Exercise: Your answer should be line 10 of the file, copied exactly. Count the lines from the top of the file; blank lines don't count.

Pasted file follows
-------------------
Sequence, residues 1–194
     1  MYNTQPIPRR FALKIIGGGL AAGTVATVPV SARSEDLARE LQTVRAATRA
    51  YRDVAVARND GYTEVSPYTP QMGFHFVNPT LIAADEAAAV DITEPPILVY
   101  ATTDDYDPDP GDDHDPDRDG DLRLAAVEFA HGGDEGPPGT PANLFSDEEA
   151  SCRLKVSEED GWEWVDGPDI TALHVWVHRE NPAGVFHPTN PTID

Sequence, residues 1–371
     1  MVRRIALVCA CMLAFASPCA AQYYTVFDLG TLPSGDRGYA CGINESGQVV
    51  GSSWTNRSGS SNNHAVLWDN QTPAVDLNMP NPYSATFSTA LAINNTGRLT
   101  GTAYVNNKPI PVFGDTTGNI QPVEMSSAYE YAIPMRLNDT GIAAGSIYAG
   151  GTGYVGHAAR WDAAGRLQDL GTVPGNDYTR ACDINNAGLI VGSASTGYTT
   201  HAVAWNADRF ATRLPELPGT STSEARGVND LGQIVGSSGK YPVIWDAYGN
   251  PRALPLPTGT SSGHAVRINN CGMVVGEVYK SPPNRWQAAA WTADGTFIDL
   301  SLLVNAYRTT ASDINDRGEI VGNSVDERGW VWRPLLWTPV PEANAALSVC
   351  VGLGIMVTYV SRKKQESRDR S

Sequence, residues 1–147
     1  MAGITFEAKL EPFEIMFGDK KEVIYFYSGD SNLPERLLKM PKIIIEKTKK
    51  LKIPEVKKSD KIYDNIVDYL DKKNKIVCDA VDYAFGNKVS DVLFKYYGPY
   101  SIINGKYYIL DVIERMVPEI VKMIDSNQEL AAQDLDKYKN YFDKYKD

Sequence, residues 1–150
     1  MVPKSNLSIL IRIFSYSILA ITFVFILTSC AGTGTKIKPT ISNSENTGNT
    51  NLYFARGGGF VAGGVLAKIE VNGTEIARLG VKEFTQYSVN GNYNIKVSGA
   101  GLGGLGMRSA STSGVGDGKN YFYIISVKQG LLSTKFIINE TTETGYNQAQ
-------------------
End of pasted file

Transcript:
   151  GTGYVGHAAR WDAAGRLQDL GTVPGNDYTR ACDINNAGLI VGSASTGYTT